City buys wind power for Howelsen
December 21, 2006
Steamboat Springs — Wind from southeastern Colorado will soon provide power for the Howelsen Hill Ski Area.
City of Steamboat Springs officials have announced the purchase of renewable energy certificates, or RECs. The wind energy is produced by Lamar Light and Power, a Lamar-based utility company with four wind turbines. Steamboat’s purchase of RECs equivalent to 352 megawatt hours will offset 100 percent of the electricity used at the downtown ski area, effective Jan. 1.
“This is one of many steps the city is taking to increase the use and promotion of renewable energy,” said Gavin Malia, chairman of the city’s Green Team. “We are in the process of taking steps to not only offset nonrenewable energy consumption with RECs, but more importantly to use energy more efficiently across the organization.”
The purchase represents more than one-fifth of the Green Team’s 2007 budget of $20,000.
“This will cost us a little less than $4,224 for one year,” Malia said.
Malia said that in future years, the expense could come out of city maintenance budgets for Howelsen Hill, a process similar to future funding for wind-power credits used at Centennial Hall. In May, the city purchased 419 megawatt hours of wind-generated RECs to offset all electricity use at Centennial Hall. In 2007, Malia said, that expense will come out of the building’s maintenance budget.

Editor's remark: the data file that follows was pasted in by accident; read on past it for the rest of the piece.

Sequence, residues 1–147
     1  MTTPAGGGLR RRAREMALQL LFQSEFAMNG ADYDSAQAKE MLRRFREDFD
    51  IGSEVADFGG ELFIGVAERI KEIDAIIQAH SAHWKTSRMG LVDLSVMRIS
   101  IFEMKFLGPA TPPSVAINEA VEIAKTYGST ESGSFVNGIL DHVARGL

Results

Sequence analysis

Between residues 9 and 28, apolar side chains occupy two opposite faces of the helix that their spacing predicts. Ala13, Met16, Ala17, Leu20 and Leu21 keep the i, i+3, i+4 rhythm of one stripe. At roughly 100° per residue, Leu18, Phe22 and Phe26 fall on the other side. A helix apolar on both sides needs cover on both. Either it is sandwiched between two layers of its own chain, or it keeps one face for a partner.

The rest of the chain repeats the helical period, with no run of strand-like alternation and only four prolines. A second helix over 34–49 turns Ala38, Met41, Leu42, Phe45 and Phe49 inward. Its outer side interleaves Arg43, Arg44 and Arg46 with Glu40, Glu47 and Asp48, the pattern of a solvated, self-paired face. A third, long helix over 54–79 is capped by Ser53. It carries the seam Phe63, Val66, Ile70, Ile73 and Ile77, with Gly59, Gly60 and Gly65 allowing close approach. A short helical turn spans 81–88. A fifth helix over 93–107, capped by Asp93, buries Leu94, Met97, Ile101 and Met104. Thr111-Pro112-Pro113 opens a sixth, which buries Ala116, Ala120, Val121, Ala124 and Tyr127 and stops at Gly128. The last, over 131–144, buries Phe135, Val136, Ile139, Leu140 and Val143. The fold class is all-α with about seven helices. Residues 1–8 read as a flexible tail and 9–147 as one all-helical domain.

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“These purchases represent our guiding principles in action,” Deputy City Manager Wendy DuBord said. “Clearly, one of the most pressing issues of our time is diversifying our energy generation mix and encouraging renewable technologies that are cost effective today.”
Community Energy, a marketer and developer of wind power with an office in Boulder, will supply Steamboat with the RECs. The purchases supplement Steamboat’s existing wind purchases from the Yampa Valley Electric Association’s Windsource program, DuBord said.
“Steamboat Springs’ wind purchases are helping to build new wind farms and leading the way to a cleaner and more independent energy future while supporting economic developments for eastern Colorado farming communities,” said Eric Blank of Community Energy.